United Kingdom

Steam Trains

Originally developed over 200 years ago, the steam train is easily one of the world’s greatest inventions, as it revolutionised both goods and passenger transport. By the 1970s the steam trains had to give up the commercial and transport railways…

Posted by
Tuesday, 15th January 2008

The Needles

Off the west coast of the Isle of Wight, England, stand the unmistakable white chalk stacks known as The Needles. Whilst there’s not a lot needle-like about them anymore (photo), The Needles were originally named for an actually needle-shaped rock…

Posted by
Wednesday, 12th December 2007

Glasgow Science Centre and the Glasgow Tower

Built on the site of the 1988 Glasgow Garden Festival, the Glasgow Science Centre is a purpose-built facility featuring three floors dedicated to hands-on science in action. Taking the form of a huge, gleaming, titanium crescent overlooking the Clyde, the…

Posted by
Thursday, 6th December 2007

World’s Largest Fingerprint

Somebody must have committed a major crime, as it would appear the Brighton and Hove arm of the Sussex constabulary have been dusting for prints around Hove Park, and uncovered what is clearly the the world’s largest fingerprint! This fingerprint…

Posted by
Wednesday, 5th December 2007

European Barge Lifting

Today we’re posting a roundup of the most interesting ways Europe has employed to get canal barges up-and-over stuff. The simplest method is of course a bridge, of which you can see several excellent examples in our previous post, A…

Posted by
Friday, 30th November 2007

Greenwich prime meridian

The equator, or latitude 0, separates the northern and southern hemispheres of the globe. Defined as the middle point of the two geographic poles, there’s no way anyone could argue about its location. However the meridian – longitude 0 –…

Posted by
Thursday, 29th November 2007

Welcome to Google Sightseeing

Google Sightseeing takes you on a tour of the world as seen from satellite, using the free Google Earth program, or Google Maps in your web browser. Our team of authors present weird and wonderful sights as suggested by readers.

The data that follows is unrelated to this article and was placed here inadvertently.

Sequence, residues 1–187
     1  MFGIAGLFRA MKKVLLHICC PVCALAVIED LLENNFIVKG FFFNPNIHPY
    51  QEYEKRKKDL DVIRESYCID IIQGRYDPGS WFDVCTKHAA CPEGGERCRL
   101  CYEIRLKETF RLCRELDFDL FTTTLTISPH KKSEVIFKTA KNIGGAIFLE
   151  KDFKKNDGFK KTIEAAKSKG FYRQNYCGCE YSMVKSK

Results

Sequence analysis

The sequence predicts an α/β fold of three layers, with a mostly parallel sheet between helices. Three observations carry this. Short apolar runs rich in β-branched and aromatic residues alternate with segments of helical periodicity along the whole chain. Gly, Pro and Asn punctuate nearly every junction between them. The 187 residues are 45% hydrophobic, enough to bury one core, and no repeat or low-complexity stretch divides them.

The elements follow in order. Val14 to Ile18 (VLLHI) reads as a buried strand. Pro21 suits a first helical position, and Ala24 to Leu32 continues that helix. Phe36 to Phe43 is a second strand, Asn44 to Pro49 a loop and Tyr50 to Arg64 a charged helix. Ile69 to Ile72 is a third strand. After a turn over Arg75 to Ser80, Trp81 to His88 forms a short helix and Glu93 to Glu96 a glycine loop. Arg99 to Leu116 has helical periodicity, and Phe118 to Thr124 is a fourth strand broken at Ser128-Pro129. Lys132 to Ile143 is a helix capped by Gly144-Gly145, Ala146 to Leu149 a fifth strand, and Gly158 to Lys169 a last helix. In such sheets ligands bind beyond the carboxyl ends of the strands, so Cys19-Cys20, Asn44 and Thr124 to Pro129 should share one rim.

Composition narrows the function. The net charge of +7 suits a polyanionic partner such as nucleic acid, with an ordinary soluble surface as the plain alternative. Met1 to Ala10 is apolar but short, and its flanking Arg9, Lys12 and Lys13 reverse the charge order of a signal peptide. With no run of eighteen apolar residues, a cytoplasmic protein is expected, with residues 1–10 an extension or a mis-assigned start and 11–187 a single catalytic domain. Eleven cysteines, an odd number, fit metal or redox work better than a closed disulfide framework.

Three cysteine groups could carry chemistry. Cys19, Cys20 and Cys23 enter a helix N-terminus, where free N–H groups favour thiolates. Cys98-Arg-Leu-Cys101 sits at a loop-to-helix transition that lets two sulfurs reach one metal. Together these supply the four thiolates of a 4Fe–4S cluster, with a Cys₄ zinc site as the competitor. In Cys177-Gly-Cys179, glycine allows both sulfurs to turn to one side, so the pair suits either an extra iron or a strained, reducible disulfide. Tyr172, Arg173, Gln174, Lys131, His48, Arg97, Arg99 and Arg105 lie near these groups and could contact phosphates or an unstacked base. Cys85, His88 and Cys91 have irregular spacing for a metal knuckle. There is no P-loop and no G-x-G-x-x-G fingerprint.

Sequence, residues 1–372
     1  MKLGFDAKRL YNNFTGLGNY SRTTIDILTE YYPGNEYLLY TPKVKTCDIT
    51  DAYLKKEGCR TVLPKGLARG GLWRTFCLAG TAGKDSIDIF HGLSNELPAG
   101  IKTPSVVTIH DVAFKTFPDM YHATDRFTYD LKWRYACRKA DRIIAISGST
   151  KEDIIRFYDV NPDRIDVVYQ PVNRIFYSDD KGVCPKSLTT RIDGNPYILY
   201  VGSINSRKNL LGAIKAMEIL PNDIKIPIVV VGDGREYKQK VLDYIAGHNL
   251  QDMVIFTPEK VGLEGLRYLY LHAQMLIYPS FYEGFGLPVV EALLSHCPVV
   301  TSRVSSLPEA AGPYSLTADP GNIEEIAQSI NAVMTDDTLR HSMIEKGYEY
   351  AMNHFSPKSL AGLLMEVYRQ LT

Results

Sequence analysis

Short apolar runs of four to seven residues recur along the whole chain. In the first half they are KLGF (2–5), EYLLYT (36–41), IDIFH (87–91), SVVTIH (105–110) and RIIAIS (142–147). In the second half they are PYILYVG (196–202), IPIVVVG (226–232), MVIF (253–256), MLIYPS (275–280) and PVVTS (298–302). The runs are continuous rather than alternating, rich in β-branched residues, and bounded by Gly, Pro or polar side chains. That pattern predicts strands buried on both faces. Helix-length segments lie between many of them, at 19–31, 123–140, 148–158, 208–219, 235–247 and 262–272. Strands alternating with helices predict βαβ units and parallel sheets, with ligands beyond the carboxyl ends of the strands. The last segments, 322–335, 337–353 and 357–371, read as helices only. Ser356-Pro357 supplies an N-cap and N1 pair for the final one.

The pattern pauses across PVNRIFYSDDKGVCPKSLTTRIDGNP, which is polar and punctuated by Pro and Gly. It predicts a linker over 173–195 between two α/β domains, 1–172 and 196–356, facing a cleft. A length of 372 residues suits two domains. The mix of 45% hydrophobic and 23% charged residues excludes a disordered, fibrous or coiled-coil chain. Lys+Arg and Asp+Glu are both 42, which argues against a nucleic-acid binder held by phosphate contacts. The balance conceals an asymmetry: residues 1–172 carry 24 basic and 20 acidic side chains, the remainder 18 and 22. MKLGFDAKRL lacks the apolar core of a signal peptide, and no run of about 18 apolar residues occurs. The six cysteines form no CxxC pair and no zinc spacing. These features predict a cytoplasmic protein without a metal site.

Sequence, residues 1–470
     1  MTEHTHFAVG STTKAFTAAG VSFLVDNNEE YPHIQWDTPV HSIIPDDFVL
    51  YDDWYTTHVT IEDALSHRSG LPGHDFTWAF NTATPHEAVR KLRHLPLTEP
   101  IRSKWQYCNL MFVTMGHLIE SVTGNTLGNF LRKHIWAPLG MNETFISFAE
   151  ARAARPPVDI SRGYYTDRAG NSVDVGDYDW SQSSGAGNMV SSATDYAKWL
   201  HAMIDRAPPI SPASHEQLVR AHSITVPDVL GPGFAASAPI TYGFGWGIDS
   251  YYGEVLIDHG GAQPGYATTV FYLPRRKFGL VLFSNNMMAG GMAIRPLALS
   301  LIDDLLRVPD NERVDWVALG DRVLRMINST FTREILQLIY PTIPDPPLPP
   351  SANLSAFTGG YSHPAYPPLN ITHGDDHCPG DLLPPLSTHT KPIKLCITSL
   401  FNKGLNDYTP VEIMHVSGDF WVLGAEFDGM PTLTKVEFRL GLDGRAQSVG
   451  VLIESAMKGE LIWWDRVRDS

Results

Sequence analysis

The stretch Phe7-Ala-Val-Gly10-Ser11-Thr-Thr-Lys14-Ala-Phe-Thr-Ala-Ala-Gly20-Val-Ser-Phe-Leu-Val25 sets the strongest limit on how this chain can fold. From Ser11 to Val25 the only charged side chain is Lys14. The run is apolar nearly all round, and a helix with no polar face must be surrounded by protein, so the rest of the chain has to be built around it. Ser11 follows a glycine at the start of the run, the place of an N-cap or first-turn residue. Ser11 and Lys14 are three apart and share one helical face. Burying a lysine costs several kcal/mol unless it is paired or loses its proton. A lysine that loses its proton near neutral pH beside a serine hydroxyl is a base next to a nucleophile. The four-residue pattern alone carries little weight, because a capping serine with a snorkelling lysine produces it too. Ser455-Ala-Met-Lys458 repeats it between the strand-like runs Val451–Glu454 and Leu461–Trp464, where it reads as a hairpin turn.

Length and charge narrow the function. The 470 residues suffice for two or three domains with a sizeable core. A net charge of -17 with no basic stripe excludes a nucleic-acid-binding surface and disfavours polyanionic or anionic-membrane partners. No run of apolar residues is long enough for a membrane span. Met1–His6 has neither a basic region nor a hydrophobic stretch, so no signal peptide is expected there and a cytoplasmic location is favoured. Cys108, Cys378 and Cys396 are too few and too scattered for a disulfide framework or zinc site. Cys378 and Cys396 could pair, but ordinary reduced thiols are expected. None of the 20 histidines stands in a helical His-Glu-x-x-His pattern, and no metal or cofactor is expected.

Could you be one of our authors? We're looking for more freelance writers - please get in touch for more information.

Previously on Google Sightseeing

Hurtigruten (The Express Route)

Here at Google Sightseeing we love a chance to create a post about the scenic wonders of Norway1. Today we…

Street View Competitors, Part 1

Google Street View may be ever-expanding in its reach, but it’s still a long way from covering the entire world. There are numerous services that not only offer their own street-level imagery but have beaten Google to the punch in numerous cities around the globe. That got us wondering just what we’re missing from other sites over here at Google Sightseeing, so join us as we take a two-part tour of street-level imagery in places Street View hasn’t reached yet!

Midway Atoll

Known as site of one of the most pivotal naval battles in history, today Midway Atoll strikes an odd balance between its military past and its tropical paradise locale. It’s also one of the most remote places ever visited by Google Street View.

Recent Comments

  1. Jel: And that’s not to mention the Dutch 11-towns race, when and if it gets cold enough – nigh on 200km....
  2. Andrew Thielmann: Not longest skating anymore: the skating trail on the lake in Invermere (lat/lng:50.493583,...
  3. Allaiyah Weyn: Close to Santa Laura is what looks like a big bloody mess. I wonder what all the red stuff is. The van...
  4. Allaiyah Weyn: I wish I could visit all the ghost towns of the world on Google Earth. Sadly, the van usually passes...
  5. Tammo: This is so awesome. I’m sure this will warrant some more posts once you’ve had a chance to go over...

Advertisement